Inclusion Criteria: 1. Male or female ≥ 18 years old 2. Patient has a clinical diagnosis of Peripheral Vascular Disease (PVD) and requires a synthetic vascular graft, with the distal anastomosis to a tibial artery (peroneal, anterior tibial, posterior tibial). 3. The distal anastomosis must be no more distal than approximately the midcalf. 4. Rutherford-Baker classification for acute peripheral arterial disease of category 5 or less. 5. The proximal anastomosis must be in the common femoral artery (CFA) or the superficial femoral artery (SFA); the proximal anastomosis must not be above the inguinal ligament. 6. The distal target vessel must have continuous blood flow to the foot; an arteriovenous fistula must not be created at the distal anastomosis. Exclusion Criteria: 1. Proximal anastomosis above the inguinal ligament. 2. Distal anastomosis below the mid-calf. 3. Lack of adequate subcutaneous fat stores to allow liposuction of 120 mL of adipose tissue. 4. Limb-threatening acute ischemia in the affected leg. 5. Active infection at the time of implantation. 6. Uncontrolled diabetes.
|Official title||A Randomized, Controlled, Parallel Group, Blinded, Feasibility Study of the TGI Adipose-derived Stromal Cell (ASC)-Coated ePTFE Vascular Graft for Femoral-tibial Bypass Grafting.|
|Principal investigator||Marvin Morris, MD|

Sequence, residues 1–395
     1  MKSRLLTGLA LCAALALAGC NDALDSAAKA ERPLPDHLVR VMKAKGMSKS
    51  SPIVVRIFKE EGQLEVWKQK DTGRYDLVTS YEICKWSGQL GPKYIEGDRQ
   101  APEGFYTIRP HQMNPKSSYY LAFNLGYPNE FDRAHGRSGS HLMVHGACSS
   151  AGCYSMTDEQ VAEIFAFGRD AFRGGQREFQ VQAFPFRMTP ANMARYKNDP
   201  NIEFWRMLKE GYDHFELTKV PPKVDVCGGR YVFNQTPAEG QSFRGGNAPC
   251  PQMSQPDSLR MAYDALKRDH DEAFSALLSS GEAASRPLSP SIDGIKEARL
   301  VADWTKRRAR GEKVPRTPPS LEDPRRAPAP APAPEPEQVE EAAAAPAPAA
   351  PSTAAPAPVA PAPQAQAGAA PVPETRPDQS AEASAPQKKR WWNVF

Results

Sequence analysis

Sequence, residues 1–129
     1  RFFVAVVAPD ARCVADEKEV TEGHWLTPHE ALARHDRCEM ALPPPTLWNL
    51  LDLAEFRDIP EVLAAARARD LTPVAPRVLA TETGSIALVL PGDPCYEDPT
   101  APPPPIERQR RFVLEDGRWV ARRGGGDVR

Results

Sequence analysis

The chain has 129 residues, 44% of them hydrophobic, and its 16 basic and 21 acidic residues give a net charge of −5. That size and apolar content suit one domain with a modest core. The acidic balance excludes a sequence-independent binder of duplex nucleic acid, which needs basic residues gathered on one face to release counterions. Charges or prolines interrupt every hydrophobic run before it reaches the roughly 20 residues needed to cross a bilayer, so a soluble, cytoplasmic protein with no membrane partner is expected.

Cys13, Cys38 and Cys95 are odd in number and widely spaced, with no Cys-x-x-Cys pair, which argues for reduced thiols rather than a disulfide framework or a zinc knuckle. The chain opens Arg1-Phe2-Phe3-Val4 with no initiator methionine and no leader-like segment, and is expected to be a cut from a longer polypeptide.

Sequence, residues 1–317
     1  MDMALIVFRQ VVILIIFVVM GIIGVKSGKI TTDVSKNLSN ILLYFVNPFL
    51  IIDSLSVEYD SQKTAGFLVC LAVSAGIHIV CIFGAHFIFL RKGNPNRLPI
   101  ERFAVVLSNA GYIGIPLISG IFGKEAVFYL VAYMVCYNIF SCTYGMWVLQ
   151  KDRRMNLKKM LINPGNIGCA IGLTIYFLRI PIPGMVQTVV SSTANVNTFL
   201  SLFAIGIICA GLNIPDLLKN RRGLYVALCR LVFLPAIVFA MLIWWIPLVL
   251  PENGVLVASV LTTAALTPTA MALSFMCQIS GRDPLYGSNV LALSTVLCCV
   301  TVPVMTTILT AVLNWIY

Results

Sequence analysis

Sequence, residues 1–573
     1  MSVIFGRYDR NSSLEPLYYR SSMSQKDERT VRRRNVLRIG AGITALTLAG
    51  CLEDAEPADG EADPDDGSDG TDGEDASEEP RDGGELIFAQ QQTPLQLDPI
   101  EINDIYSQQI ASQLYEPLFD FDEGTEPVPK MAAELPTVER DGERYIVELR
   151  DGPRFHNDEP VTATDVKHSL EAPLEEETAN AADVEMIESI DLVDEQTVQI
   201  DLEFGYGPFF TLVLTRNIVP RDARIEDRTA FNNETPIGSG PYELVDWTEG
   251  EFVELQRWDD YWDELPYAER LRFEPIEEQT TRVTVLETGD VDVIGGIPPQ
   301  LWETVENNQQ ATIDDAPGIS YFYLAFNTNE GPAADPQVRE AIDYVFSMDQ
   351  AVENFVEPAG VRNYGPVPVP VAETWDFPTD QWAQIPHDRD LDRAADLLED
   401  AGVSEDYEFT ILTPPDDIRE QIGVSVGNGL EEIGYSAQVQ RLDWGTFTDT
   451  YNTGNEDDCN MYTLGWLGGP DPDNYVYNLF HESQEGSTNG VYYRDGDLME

|Description||Replacement or bypass of small diameter (< 4-5 mm) blood vessels is needed for a variety of medical problems, including peripheral vascular disease (PVD) associated with diabetes, generalized atherosclerosis, or aging), and critical limb ischemia (CLI). Vascular surgery has been extremely successful in replacing damaged or atherosclerotic arteries that are large in diameter and associated with high flow rates. However, as the diameter of the damaged vessel decreases, the ability to achieve long-term patency using replacement vessels decreases. The best current solution to this phenomenon of decreased patency with decreasing vessel diameter has been the use of the saphenous vein bypass graft. The saphenous vein has become the benchmark of all smaller diameter vascular grafts and demonstrates excellent patency when used from the femoral artery to the popliteal artery below the knee. However, when extended to more distal locations including the tibial arteries, even the saphenous vein begins to demonstrate limitations in its ability to maintain long-term patency. The TGI ASC-coated expanded polytetrafluoroethylene (ePTFE) Vascular Graft is an adipose-derived stromal cell-sodded small-diameter vascular conduit intended for use as a peripheral bypass graft. The autologous cells used to create the ASC-coated vascular graft are isolated by the TGI Cell Isolation System (CIS). The TGI ASC-coated graft can be used to address the pressing medical need for small-diameter vascular grafts with improved long-term patency rates. The TGI CIS enables the user to prepare a stem cell-based biological coating in about an hour; stromal cells isolated from adipose tissue are sodded onto the internal lumen of the vascular graft before it is implanted into the patient during the course of a peripheral vascular bypass procedure. The TGI Peripheral Vascular Graft (PVG) Kit consists of a vascular conduit, a proprietary enzymatic solution (Adipase™ Custom Enzyme Solution), and a disposable fluidics system, all to be used in conjunction with the TGI CIS, itself an automated point-of-care tissue processing instrument which isolates ASCs from a lipoaspirate specimen. Such cells are administered onto the lumen of the prepared conduit, a commercially available, small-diameter ePTFE straight vascular graft (IMPRA ePTFE Vascular Graft, item 80s06, Bard Peripheral Vascular, Inc.) This instrument system will provide a sterile flow-path, through which cells are processed and separated. The flow-path is contained within a disposable cartridge that interlocks with the durable system hardware and includes both a flow-path cartridge with fluid reservoirs and a disposable centrifuge cartridge. The system is a self contained, stand-alone system requiring only AC power to operate. The clinical trial process will involve a pilot (or feasibility) study to gain initial safety and effectiveness data in a limited human population. A subsequent pivotal study will be conducted with sufficient patient numbers to demonstrate a statistically significant improvement in effectiveness for defined clinical endpoints and to gain important safety information in a specific clinical population.|